By Natalia Zinets
KIEV, April 11 (Reuters) - Ukraine said on Friday it would turn to Europe for gas and won a promise of help from Brussels after Russia warned it could cut supplies over Kiev's refusal to pay Moscow's "political, uneconomic price" for supplies.
Presenting a united front a day after President Vladimir Putin wrote to the European Union warning that its supplies could be disrupted if Ukraine failed to cover its bills, European officials said they had little to fear and would help Ukraine pay.
With Russia increasing the pressure on Ukraine's faltering economy, Ukrainian Energy Minister Yuri Prodan told parliament the EU would stand in solidarity with Kiev if Russia reduced supplies, making sure Moscow could not increase flows through alternative pipelines to bypass its neighbor.
"Ukraine cannot pay such a political, uneconomic price, so now we are negotiating with the European Union about reverse deliveries into Ukraine," Prodan said.
"We will make gas purchases from reverse flows urgently. On the conditions offered by European gas companies. We plan that they will be Germany's RWE and a French gas company."
The ministry's spokeswoman confirmed the French company was GDF Suez, adding no agreement had been signed as yet.
GDF Suez declined to comment.
Prodan said Ukraine needed European gas to build up its reserves as Russian gas was no longer being pumped into storage, adding Ukraine had unused capacity of 15 billion cubic meters.
Kiev has around 7 bcm in storage and says it needs 14-15 bcm to be able to guarantee transit to European consumers. Russia meets 30 percent of Europe's natural gas demand, and half of this goes through Ukraine.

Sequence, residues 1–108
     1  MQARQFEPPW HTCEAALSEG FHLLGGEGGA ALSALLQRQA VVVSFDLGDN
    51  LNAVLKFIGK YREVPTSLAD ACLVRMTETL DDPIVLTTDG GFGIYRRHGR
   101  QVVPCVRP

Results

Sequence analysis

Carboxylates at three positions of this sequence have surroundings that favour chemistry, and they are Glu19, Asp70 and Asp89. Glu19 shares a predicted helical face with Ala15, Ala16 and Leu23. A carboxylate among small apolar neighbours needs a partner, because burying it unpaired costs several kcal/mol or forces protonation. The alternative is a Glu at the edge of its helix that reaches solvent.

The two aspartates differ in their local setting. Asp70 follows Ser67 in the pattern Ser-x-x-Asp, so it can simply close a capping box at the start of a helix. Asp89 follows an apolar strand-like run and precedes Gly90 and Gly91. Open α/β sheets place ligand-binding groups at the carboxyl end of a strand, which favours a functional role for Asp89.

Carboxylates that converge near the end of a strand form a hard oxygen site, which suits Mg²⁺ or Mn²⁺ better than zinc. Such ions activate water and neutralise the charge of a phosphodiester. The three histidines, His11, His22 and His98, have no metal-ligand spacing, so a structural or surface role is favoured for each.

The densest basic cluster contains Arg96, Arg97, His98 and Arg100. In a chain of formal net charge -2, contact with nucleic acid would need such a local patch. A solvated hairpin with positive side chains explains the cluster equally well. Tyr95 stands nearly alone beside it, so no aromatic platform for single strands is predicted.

Russia has nearly doubled the gas price it charges Ukraine, punishing an economy that for years was mismanaged by pro-Moscow President Viktor Yanukovich and has been in freefall since he was toppled in violent protests.
Kiev's new leaders accuse Moscow of using gas as a way of punishing them for pursuing closer ties with the EU, and the standoff has deepened the worst East-West crisis since the end of the Cold war in 1991.
Washington accused Moscow on Thursday of using energy as "a tool of coercion".
But on Friday, Kremlin spokesman Dmitry Peskov stepped up the pressure on Ukraine, reiterating that its gas debt was mounting and Kiev was failing to meet its payment obligations - a wording that could trigger the reduction of supplies.
He also criticized the EU for not responding to Putin's letter on the situation.
European Energy Commissioner Guenther Oettinger advised against taking the threat of gas cuts at face value, saying Russia needed the revenue from gas deliveries.
He told Austria's ORF radio he was working on a plan to help Ukraine pay its gas bills to ensure its debts do not rise.
"I am preparing a solution that is part of the aid package that the IMF, the European Union and the World Bank is giving to Ukraine and from which payment for open bills will be possible," he said, adding he would meet Ukraine's energy and foreign ministers on Monday.
Russian state gas company Gazprom says Ukraine owes $2.2 billion and Putin's warning has rekindled fears of the "gas wars" of 2006 and 2009, when Russia stopped supplies to Ukraine, disrupting onward supplies to Europe.
The European Commission, the EU executive, called on Russia to respect its gas commitments and urged Ukraine to respect its transit commitments. Germany said it saw no reason to fear an interruption in gas supplies.
Ukraine's search for alternative supplies has prompted Gazprom to question the legality of reversing flows to export gas from Europe to Ukraine.
Prodan said Ukraine could get small amounts of gas from Poland and Hungary and a bigger volume from Slovakia, but there were "political questions" to be solved.
Slovakia has called for talks with Ukraine, Russia and the European Commission to ensure it can export gas to Ukraine without violating existing contracts.
Russia, Ukraine, the EU and the United States are due to meet in Geneva on Thursday to talk about the Ukraine crisis.
Prodan also said Ukraine would turn to an arbitration tribunal in Stockholm to try to cancel a deal struck with Russia in 2009, when Kiev agreed an inflated price. (additional reporting by Denis Dyomkin in Moscow, Alexandra Hudson in Berlin, Barbara Lewis in Brussels, Michael Shields in Vienna, Writing by Elizabeth Piper, Editing by Timothy Heritage and Will Waterman)